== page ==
2. Thank you, dear friend Jack, for your continuing words. I related to this latest especially as Myers-Briggs had me about in the middle of I E category quite a few years ago. Bob was surprised but my eldest daughter said she wasn’t, knowing me better. Now think Bob wouldn’t say that, as I’m content in this situation, although very sad for all those experiencing hardship in ways we aren’t. Bob continues with his cancer immune therapy but now I’m not allowed to go with him. It’s having a positive effect. Other than that we are totally physically isolating. Greetings to Julie. Mary


    • Of course! Of course! Who is more beautifully balanced than Mary!

      So glad the immune therapy is having a positive effect. Oh my, that’s wonderful news.
      Bob and Julie should talk immune system therapies!!

      Elbow hugs

  3. I love this poem. And you. And Naomi.
    I am 49 I, 51 E … this shelter in place is good for me EXCEPT that everyone is around me all the time and I am alone less than ever!!!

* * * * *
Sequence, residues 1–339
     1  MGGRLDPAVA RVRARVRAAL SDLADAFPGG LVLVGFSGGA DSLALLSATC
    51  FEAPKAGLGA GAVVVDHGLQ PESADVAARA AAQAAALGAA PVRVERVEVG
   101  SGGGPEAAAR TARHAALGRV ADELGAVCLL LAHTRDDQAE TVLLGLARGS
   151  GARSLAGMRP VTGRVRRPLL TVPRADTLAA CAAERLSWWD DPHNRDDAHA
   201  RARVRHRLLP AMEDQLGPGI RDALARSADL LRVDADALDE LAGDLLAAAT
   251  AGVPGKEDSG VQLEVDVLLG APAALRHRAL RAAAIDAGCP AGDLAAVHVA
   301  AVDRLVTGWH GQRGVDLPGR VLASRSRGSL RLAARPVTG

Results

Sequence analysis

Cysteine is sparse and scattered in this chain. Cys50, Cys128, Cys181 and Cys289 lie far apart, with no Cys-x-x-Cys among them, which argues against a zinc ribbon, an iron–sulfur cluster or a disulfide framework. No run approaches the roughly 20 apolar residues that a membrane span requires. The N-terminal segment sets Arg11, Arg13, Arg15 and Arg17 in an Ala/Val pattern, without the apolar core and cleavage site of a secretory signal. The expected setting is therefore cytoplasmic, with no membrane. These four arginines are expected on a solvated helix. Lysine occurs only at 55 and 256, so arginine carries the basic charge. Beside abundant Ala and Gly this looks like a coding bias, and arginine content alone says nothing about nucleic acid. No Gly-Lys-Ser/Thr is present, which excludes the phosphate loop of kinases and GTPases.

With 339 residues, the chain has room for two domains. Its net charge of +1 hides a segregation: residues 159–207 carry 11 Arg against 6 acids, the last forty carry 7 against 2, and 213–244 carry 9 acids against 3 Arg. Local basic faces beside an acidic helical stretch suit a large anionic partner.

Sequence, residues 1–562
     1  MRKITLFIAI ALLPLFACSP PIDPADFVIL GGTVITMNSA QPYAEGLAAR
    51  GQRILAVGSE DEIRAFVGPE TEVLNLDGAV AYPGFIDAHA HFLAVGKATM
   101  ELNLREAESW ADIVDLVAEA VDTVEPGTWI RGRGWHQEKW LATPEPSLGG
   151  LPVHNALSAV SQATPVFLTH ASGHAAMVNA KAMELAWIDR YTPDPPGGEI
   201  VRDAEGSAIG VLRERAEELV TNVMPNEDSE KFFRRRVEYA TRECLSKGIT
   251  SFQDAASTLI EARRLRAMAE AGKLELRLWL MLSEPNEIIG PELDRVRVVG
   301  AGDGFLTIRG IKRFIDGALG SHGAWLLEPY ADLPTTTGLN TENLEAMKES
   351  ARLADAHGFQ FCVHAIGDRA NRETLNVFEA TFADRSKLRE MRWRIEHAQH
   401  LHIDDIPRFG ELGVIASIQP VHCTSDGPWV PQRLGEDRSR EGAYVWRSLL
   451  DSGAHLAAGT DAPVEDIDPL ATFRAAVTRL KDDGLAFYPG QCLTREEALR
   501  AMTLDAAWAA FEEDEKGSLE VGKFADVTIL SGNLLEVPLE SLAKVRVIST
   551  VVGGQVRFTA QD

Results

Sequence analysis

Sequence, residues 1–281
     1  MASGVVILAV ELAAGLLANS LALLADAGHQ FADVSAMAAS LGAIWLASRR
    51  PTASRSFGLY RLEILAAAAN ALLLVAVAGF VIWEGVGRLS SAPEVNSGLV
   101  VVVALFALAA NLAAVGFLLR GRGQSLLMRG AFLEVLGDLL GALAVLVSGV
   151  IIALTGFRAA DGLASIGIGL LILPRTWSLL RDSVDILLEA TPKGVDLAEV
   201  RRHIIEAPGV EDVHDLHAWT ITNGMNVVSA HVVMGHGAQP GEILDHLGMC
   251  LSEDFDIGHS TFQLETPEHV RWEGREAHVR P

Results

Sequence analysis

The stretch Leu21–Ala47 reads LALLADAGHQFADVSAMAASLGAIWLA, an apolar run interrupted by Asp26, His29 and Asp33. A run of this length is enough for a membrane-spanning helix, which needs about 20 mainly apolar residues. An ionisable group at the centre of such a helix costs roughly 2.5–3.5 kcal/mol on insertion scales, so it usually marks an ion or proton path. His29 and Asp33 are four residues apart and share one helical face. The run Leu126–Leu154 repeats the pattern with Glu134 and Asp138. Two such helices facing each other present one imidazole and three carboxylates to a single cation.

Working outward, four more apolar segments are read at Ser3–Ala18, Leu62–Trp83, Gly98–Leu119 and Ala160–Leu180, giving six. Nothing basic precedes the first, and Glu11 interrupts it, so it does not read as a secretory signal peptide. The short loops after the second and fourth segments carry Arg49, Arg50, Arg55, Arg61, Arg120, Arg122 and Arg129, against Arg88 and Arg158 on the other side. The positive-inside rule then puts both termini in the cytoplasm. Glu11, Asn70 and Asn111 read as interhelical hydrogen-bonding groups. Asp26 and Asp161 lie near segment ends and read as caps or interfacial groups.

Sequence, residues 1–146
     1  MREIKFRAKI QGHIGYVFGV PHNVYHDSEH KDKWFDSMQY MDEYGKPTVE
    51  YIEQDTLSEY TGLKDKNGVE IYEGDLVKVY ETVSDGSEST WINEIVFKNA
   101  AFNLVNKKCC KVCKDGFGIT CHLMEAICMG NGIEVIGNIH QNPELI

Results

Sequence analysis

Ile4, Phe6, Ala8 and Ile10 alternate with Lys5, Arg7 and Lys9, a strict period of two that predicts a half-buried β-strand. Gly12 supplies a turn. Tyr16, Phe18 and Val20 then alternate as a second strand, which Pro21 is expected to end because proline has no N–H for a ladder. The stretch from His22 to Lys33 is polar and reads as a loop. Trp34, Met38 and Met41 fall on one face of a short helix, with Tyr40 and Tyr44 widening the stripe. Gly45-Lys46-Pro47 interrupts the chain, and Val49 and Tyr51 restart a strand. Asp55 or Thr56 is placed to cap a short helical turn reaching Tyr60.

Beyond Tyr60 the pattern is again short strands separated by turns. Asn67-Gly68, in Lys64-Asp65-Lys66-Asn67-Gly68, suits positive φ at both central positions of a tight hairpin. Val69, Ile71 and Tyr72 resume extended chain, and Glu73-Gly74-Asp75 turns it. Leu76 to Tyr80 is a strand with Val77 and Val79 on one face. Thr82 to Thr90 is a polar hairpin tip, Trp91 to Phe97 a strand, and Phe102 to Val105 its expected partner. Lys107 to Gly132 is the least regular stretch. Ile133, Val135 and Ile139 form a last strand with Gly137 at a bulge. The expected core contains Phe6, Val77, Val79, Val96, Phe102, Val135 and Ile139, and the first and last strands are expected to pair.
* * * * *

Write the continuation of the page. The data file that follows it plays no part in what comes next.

Xoxo to you and Julie,

    From: “comment-reply@wordpress.com”
    Reply-To: “RIDL.COM”
    Date: Thursday, April 2, 2020 at 6:01 AM
    To: Rosemerry Trommer
    Subject: [New post] Over in That Corner, the Puppets

    Jack posted: “You may know of the Myers-Briggs test. You take it and end up with a combination of letters that represent ends of continuums of behavioral preferences. Usually people have preferences that can slide based on the conditions at hand. For example, one per”

    • Ohhhhh that is wonderful to know. My gosh, yes, that fits wonderful you perfectly.
      No wonder you can write such beautiful interior poems and perform so engagingly!
      what a gift–to have your love of all three!
      Elbow hugs

  4. I’m INFP, too. I wonder how many of your followers are at least an “I”, if not a total match to you. I wouldn’t be surprised if a larger population of INFP’ers are represented in your audience than the usual 5%. Perhaps it’s why I always related so well to you as my teacher! ❤


    • Anne, don’t ya wonder? I love thinking about what you brought up. Thanks!!!!

      I am thrilled to know you related well to me. A teacher never can know unless told.
      My thanks are an abundance. Stay well.
      Elbow hugs